Guests checking in for an American Airlines flight will undergo a verbal screening for Covid-19 symptoms. American Airlines has a new touchless check-in experience and is handing out sanitizing wipes and gel on some flights.

An American Airlines Flight from New York Times

American Airlines is not taking measures to reduce passenger capacity on their flights as of July 1.

United Airlines

United Airlines requires all guests age 2 and above to wear face coverings when inside the airport and on their flights.

United has partnered with Clorox and the Cleveland clinic

The airline has not implemented any measures to reduce the number of passengers on their flights. Their website states that if you feel the flight is too full for your comfort, you’ll be allowed to rebook the flight without penalty.

“For regularly scheduled flights that are expected to be fairly full, we’ll let you change your flight with no change fee or receive a travel credit for your trip. We’ll do our best to contact you about 24 hours before your departure time so you can decide before you arrive at the airport.”

United’s FAQ “Should I expect my flight to be full?”

According to CNBC, 63% of US consumers are willing to pay more for a flight with reduced passenger capacity. At this time, I personally would avoid flying on United, Spirit or American Airlines, all of which are not reducing capacity on their flights.

A full United Flight from Click Orlando

Orlando International Airport MCO

Jamie helpfully covered changes to Orlando International Airport including enhanced cleaning procedures, mask requirements and the installation of plexiglass to protect workers.

MCO Tips for Social Distancing

You will find countless hand sanitizer stations and social distancing markers on the floor. Additionally, The MCO twitter account is very responsive to complaints. If something is amiss, tweet them at @MCO.

sign at MCO, from their website

Changes to Disney’s Magical Express and Luggage

There have also been a few changes to Disney’s Magical Express service. The most important thing to note is that Magical Express is no longer picking up guest luggage. No yellow bag claim tags are issued at this time.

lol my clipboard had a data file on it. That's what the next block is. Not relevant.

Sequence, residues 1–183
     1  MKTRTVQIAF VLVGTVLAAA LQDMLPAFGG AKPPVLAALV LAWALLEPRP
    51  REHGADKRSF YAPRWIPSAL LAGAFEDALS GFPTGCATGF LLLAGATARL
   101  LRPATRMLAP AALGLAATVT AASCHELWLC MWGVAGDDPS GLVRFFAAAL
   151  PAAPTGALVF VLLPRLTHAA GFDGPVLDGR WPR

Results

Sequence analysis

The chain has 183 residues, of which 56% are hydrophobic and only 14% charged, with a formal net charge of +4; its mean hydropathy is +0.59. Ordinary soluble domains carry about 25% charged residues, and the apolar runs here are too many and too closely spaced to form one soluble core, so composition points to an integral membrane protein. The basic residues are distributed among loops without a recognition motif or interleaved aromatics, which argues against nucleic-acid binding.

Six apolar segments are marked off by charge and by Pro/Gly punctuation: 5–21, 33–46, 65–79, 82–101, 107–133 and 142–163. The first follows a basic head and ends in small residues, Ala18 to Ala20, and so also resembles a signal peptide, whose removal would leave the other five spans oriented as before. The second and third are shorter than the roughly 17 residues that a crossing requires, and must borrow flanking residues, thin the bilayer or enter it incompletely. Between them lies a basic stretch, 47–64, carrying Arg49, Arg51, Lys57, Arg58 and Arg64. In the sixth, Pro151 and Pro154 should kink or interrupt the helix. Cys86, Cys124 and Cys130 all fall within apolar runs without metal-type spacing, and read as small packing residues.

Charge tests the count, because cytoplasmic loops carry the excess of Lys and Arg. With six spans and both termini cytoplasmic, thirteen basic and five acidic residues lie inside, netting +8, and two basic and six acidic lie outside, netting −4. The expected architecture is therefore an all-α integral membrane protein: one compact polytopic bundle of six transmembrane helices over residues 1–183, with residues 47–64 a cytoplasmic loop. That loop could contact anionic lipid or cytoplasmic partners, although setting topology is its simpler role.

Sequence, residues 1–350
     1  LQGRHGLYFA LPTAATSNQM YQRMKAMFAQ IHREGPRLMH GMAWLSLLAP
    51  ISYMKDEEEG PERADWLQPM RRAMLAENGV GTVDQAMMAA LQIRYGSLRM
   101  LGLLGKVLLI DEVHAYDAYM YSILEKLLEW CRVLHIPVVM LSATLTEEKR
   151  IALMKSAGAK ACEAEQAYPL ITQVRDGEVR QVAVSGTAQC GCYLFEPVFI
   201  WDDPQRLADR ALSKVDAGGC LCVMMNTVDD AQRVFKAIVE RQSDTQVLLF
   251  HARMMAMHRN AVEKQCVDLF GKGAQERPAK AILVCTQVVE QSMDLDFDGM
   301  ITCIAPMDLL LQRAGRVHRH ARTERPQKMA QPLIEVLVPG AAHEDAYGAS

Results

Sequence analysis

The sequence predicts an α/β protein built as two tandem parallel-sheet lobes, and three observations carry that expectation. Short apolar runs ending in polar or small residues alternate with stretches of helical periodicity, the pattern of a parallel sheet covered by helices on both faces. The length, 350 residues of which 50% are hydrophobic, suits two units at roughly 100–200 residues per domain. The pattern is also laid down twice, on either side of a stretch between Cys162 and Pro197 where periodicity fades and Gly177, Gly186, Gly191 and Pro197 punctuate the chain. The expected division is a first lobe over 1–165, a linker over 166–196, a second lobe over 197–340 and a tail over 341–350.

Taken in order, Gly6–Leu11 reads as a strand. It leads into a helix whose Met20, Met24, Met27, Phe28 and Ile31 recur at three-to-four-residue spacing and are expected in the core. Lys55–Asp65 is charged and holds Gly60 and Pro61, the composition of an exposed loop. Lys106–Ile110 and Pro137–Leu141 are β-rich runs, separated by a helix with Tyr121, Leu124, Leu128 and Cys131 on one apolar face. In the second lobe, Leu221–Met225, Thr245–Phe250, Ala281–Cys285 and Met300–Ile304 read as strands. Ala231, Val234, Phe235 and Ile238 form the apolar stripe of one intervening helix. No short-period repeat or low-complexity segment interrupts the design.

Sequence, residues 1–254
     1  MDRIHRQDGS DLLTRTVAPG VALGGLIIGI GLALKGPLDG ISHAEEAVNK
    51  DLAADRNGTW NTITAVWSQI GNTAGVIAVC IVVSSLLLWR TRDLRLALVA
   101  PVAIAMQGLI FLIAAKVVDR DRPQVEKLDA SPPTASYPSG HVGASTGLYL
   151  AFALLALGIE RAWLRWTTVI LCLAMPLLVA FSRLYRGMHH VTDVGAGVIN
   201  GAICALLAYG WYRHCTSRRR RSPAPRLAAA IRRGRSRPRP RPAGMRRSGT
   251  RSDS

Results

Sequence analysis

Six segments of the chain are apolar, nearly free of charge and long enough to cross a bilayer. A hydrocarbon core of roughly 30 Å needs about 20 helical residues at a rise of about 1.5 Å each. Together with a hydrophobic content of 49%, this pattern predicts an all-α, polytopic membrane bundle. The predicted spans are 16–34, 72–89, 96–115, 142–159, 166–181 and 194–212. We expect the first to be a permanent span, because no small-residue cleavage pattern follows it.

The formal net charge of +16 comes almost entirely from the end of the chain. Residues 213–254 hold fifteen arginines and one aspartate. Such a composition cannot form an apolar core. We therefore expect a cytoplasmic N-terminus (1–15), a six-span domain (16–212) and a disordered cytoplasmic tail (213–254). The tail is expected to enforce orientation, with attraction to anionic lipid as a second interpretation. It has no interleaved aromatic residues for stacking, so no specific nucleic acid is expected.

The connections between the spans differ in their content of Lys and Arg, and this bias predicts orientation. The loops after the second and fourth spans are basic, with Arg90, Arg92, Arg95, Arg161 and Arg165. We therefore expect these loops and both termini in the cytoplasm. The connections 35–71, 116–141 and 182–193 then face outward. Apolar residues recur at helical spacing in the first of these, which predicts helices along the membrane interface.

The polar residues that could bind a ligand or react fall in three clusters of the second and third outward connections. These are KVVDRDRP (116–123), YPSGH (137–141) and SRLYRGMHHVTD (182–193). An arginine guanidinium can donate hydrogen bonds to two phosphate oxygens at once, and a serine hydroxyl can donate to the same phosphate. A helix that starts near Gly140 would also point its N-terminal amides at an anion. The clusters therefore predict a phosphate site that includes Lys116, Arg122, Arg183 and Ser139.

Guests need to collect their own luggage at bag claim and bring it with them to the Magical Express line. Jamie also helpfully wrote up her experiences and Magical Express changes here.

Resort airline bag check is currently unavailable. Guests need to bring their luggage with them on the Magical Express for departure from MCO.

Conclusion

Personally, I will be flying with my family to MCO like we always do. Since we fly for free (did I mention it’s easy to earn Southwest points?), it’s tough for us to pivot to driving from Virginia.

I felt comforted by the research from the MIT professor regarding virus transmission on airplanes. I’d be concerned about stopping along the way, not knowing how various localities are handling the pandemic.

My son at MCO (pre pandemic)

We always fly Southwest, but I’d urge readers to research the policies of their chosen airline prior to booking. Forbes compiled a master list here.

Be aware of the changes to Disney’s Magical Express service and the overall airport experience. You will need to handle your own luggage.

Make sure you can carry your luggage! Try this suitcase from American Tourister – easily the best I’ve ever owned!

Are you planning to travel to Disney World soon? Will you be flying or driving? Let us know in the comments on Facebook and in our Facebook group.

-Rebecca W Davis




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5 COMMENTS

  1. They just came out and said flying spreads the virus rapidly. Thats how it all started to begin with. People need to stop flying during a Pandemic!! I personally havent flown to Disney since 1995. We drive now. After 911 I said never again and definitely with all these viruses popping up. The ventilation in planes is the worst because it recirculates it. Not safe!

  2. Thank you for this article…especially the research from the MIT professor. We will be flying there in October on Alaska Airlines. We are happy and have seen that they have some of the strictest guidelines in place. They continue to update us as they move passengers to seats to maintain social distancing as seats are booked. Great article!